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King Lear by William Shakespeare

King Lear is one of William Shakespeare’s most famous tragedies. It was believed to have been written between 1605-1606, and was based on a legend of the Leir of Britain, a pre-Roman Celtic king from mythology. Shakespeare’s King Lear brilliantly depicts the senility and increasing madness of its title character as he splits his kingdom into portions for his daughters’ based on their false declarations of love for him.

King Lear, wanting to retire from the duties the monarchy demands of him, makes the decision to divide his kingdom amongst his three daughters. Courting flattery and praise, he announces he’ll give the largest share to the daughter who loves him the most. His eldest daughter, Goneril, first proclaims her love in the most fulsome description, delighting Lear and causing him to award Goneril her share as soon as she is finished speaking. Not wishing to be outdone, his second daughter Regan uses similarly flowery and language to convince her father of her adoration. She as well is awarded her share of his realm.

His youngest daughter Cordelia sees the false flattery her two sisters have heaped upon her father. Cordelia was always Lear’s favorite and most-loved daughter, she herself is unable to bring herself to lie to her father in the same way. She at first refuses to say anything, and then when prodded speaks honestly and tells him she does not have words to express her love. Lear is infuriated and disinherits Cordelia, dividing the share that would be hers among Regan and Goneril.

It is observed that King Lear, by dividing his wealth between just two daughters has also given shares of his realm to their husbands, Goneril’s Duke of Albany and Regan’s Duke of Cornwall. Cordelia is the only sister that remains unmarried, though there are two suitors present vying for her hand, the King of France and the Duke of Burgundy. The Earl of Kent also observes that Cordelia has been treated unfairly and objects to the King’s reasoning. This also infuriates King Lear and he speaks his mind, earning him abuse from King Lear. At the same time, the Earl of Gloucester has introduced his other illegitimate son to the Earl of Kent.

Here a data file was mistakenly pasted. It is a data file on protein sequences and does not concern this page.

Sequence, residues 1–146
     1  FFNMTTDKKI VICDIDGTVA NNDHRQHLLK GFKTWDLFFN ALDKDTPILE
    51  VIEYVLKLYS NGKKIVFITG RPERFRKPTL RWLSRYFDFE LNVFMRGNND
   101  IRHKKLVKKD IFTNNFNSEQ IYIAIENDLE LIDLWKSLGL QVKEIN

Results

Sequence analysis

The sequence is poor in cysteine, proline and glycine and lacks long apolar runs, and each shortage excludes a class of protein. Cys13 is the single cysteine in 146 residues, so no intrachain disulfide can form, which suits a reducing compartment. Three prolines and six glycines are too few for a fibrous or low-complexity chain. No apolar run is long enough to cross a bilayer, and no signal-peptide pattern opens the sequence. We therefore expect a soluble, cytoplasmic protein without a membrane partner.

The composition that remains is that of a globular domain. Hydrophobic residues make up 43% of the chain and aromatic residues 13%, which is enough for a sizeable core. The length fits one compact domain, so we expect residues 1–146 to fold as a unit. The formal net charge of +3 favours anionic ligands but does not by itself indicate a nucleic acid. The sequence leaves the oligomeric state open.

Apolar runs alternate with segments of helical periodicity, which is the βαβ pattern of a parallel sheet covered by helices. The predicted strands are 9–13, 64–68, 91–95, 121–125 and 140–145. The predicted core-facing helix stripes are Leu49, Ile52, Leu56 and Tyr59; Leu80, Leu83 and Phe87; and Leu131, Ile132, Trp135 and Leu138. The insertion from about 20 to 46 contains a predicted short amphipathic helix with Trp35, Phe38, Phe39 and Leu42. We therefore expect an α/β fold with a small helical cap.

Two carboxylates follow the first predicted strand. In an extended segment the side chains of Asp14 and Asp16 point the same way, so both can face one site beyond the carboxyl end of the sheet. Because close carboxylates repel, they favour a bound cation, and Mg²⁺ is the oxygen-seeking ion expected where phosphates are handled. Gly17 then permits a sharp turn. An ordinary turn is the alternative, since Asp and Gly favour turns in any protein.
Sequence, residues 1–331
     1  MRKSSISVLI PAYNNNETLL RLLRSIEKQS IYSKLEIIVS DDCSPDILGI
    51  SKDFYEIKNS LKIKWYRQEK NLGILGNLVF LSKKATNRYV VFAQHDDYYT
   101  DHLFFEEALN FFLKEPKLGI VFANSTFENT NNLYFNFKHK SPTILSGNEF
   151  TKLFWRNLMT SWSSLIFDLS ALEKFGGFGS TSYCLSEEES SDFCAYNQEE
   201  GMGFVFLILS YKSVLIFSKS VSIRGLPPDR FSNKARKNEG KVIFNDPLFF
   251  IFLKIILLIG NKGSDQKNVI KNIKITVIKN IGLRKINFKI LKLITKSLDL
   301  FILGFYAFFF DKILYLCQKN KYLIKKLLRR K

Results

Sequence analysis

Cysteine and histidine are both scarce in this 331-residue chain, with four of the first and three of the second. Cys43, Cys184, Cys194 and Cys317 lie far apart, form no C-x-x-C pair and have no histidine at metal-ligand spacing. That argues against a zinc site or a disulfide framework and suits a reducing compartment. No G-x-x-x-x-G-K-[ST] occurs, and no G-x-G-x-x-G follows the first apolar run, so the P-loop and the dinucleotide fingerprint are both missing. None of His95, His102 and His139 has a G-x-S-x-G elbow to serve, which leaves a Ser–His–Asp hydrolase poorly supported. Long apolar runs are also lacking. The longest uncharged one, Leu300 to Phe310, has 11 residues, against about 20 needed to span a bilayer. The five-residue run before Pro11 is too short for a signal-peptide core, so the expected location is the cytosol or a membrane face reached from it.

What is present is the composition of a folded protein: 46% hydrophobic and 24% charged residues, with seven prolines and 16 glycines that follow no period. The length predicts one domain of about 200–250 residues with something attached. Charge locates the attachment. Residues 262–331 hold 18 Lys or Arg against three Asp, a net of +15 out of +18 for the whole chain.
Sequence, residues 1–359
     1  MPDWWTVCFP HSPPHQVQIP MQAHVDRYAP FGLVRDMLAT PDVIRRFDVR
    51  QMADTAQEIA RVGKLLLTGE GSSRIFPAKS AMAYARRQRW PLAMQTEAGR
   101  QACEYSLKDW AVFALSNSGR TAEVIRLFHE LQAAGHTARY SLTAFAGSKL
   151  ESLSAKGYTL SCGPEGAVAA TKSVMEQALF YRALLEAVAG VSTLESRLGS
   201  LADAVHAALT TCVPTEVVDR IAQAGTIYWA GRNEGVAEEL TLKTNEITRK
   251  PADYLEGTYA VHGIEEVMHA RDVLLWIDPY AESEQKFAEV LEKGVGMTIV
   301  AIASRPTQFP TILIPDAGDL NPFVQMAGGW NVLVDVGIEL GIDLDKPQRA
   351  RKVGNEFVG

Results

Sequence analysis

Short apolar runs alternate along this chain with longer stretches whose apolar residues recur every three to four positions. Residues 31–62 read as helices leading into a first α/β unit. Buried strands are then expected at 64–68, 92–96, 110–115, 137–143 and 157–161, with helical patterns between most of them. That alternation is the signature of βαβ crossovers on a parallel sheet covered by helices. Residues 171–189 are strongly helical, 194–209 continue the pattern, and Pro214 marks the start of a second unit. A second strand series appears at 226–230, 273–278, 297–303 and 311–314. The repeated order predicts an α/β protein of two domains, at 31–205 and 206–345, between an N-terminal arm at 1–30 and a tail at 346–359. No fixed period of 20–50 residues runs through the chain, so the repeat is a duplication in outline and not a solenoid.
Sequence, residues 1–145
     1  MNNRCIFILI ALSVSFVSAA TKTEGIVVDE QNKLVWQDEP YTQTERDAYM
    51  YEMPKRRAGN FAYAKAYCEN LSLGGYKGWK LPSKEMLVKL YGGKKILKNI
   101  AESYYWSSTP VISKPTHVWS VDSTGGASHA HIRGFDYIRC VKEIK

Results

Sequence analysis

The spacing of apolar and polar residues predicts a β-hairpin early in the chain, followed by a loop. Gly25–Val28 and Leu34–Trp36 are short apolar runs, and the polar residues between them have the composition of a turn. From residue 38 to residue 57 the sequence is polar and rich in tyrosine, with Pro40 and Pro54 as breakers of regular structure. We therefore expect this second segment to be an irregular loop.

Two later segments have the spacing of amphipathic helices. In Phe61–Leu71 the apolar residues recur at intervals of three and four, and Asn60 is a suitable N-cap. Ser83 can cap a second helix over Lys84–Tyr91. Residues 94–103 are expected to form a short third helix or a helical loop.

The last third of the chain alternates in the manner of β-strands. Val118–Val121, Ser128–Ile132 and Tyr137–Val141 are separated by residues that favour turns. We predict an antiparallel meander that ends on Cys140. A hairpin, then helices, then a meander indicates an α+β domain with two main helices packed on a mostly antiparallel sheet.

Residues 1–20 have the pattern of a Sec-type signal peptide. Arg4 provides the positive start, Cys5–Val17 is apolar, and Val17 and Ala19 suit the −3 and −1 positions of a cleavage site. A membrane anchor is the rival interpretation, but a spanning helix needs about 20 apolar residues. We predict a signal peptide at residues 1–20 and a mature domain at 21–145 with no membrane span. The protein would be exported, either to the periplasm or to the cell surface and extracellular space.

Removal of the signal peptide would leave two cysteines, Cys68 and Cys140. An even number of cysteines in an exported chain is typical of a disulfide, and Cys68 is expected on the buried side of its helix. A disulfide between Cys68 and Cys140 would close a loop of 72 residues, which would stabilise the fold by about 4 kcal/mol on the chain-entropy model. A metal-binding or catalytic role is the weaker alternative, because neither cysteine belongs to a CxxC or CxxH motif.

Lear makes it clear to his daughters that he will divide time between their two residences. He has reserved to himself a retinue of 100 people, a group of nobles and servants, that will stay with him at all times. Goneril and Regan profess to have believed their father to be a silly old man and that their declarations of love were contrived.

The Earl of Kent returns under disguise from his exile under the name of Caius and is hired by King Lear as a servant. Lear discovers that his two daughters do not respect him as he believed they would, and Goneril reduces his retinue. Lear is enraged and leaves for Regan’s home, on the way he is mocked by a fool.